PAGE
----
The benefits of feeling bad

Photo: Getty Images
Photo: Getty Images
Sometimes it’s good to give up the idea that we should be striving, always, for permanent and unblemished contentment, writes Eva Wiseman.

Do you know what I’ve come to believe? I’ve come to believe that it’s good to feel bad. Not all the time, of course, not continuously. I mean, it’s not good to lie still, in chronic pain, with horrific memories or insults or bitter thoughts smashing relentlessly against the roof of your mouth. But sometimes, regularly, it is good to feel bad. To feel despair. A little dread. To feel sadness. To give up the idea (one that the wellness industry has long insisted upon) that we should be striving, always, for permanent and unblemished contentment.

Wellness, in fact, goes further: not only should we be free of stress, have optimised our orgasms and our work days, not only should our skin be radiant and our bowel movements exquisite, not only should we give "zero f****", striding across the street confident as an idiot, not only should creativity flow through us like tea, not only should we indefinitely hold off death by means of meditation, cold-water swimming and positive mental attitude, but we should also be HAPPY.

The confidence thing in particular — this has irked me, recently. Have you noticed the encroaching mainstream idea that in order to find true empowerment, we women must shrug off all shame and self-doubt and storm through life as if we are Beyoncé marching across a stage? Never (the culture says), EVER apologise. Trim the first and last lines from every email, the ones that say, "No worries if not," and other such betrayals of weakness.

A transformation will occur. Notice your own impostor syndrome, and in doing so, simply eradicate it. Love yourself with a terrible fierceness, take no shit, eat men like air, and re-emerge from the fragments of femininity, no longer a fallible, questioning person, understandably disturbed by the many pressures of surviving in a distressingly unequal world, but a hair-swishing, strong, modern woman. Or to give her her correct name: a bad b****. It’s bad enough being told how to look and how to behave; must we also be told how to feel? Am I alone in feeling utterly exhausted by this insistence on positivity, on confidence? This pretending that everything’s fine?

The whole thing — the focus on confidence, on joy, on happiness — feels equal parts flattening and insane. Flattening because it is human to feel sad, and to accept feeling sad, and frustrated, and incapable of some things. It is healthy, and it is a clear, if uncomfortable, sign we are alive. To try to eliminate these feelings or, worse, deny them, leaves you unwhole. Leaves you lonely and disconnected from the world, performing a sort of glittering drag.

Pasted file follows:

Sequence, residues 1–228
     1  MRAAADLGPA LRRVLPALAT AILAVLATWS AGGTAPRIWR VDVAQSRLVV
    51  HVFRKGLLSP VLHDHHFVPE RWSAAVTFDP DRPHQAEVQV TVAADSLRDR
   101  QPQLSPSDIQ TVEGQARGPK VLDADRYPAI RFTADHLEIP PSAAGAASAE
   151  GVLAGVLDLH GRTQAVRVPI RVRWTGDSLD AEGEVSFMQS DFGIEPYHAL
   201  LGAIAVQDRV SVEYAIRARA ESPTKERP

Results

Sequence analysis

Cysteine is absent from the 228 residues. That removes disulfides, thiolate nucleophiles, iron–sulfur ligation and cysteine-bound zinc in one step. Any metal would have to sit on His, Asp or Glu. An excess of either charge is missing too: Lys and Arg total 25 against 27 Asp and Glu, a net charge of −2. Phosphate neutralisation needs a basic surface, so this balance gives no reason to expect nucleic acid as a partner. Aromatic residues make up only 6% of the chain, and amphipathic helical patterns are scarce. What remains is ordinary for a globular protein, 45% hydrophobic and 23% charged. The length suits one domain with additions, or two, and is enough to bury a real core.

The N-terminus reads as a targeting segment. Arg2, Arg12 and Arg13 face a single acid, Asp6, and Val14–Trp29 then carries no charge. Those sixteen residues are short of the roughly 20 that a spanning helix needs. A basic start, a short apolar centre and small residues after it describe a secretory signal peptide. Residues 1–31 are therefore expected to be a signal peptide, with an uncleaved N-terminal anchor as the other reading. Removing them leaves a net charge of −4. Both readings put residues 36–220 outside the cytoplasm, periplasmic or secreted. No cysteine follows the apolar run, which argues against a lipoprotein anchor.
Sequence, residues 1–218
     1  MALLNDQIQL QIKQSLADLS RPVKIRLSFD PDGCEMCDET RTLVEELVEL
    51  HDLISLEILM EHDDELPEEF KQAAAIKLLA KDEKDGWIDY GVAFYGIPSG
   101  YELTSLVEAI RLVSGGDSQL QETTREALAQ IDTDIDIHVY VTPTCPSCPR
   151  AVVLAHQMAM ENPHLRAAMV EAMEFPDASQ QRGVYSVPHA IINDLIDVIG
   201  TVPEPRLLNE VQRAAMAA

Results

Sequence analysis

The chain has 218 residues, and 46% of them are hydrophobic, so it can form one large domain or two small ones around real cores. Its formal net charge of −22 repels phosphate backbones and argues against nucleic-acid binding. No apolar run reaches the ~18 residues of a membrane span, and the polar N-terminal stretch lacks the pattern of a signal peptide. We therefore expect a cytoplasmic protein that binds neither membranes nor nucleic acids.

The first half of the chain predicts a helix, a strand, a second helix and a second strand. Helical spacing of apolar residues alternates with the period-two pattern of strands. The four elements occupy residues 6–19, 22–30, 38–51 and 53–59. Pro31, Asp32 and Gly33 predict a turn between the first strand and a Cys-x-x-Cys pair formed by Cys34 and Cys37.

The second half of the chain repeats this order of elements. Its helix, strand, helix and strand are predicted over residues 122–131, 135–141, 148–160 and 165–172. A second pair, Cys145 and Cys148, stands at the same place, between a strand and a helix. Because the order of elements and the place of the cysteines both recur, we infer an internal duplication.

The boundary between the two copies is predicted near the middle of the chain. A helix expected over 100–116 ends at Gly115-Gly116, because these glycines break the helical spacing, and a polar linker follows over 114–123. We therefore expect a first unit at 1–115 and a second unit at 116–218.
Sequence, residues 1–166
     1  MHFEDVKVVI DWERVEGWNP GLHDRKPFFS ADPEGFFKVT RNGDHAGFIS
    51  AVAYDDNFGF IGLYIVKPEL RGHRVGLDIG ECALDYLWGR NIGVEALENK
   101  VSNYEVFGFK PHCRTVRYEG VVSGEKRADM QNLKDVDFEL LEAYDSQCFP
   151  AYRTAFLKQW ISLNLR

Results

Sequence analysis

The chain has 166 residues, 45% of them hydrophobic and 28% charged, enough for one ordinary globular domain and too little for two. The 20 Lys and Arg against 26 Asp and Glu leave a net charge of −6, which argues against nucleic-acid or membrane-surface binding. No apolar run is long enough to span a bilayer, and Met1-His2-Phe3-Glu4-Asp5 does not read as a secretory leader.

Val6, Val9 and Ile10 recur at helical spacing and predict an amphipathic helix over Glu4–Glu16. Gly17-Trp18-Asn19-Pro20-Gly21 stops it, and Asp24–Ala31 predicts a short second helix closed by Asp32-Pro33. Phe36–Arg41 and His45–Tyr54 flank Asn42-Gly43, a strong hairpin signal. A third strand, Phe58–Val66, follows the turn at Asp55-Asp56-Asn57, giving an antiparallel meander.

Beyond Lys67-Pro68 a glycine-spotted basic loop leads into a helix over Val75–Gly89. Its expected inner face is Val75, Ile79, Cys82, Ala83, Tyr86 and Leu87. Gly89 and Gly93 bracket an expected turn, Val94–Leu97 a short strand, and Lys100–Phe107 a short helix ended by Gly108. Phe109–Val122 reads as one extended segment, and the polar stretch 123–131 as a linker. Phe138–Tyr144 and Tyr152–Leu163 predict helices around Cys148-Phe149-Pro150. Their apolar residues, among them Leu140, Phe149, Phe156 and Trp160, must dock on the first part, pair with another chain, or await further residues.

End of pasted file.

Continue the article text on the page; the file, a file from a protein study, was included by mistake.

The wellness industry thrives because it trades on crises, of mental health and women’s healthcare, but the people buying its products and buying into its messaging are rarely actually the ones affected by these crises. We, instead, are the ones seduced by the idea that life can be perfected; ironed out like a shirt. That something like "empowerment" can become fact simply by saying the word out loud. And it feels insane because it is appropriate to feel bad sometimes, worried sometimes, guilty even. It is necessary. It is a result of things like grief, inequality and empathy, rather than, say, "gluten". In our governments, in our homes, inside our bodies, terrible things are happening, and we are — or we feel, or are made to feel — powerless to change them.

Is this an unpopular opinion? Perhaps. It feels bad to feel bad; it is not a state to be welcomed, or sought. But when it arrives, I think it should be met with respect and curiosity, rather than being briskly swept away. Bad feelings and anger, sharpened correctly, can result in bursts of furious creativity. If dread is accurately channelled it has the potential to mutate into a great work of art, or an impossibly clean kitchen. Moments of darkness can focus the mind, and allow us to appreciate the good feelings that sit in between them, barking like puppies.

Another benefit of these bad feelings is that they crack us open, exposing the raw pink inside. They show us what we want, and sometimes who we are. And by acknowledging them, by admitting our lack of confidence, our sadnesses, our multiple daily failures, we can connect with each other in ways that sitting in simple contentment rarely allows. — The Observer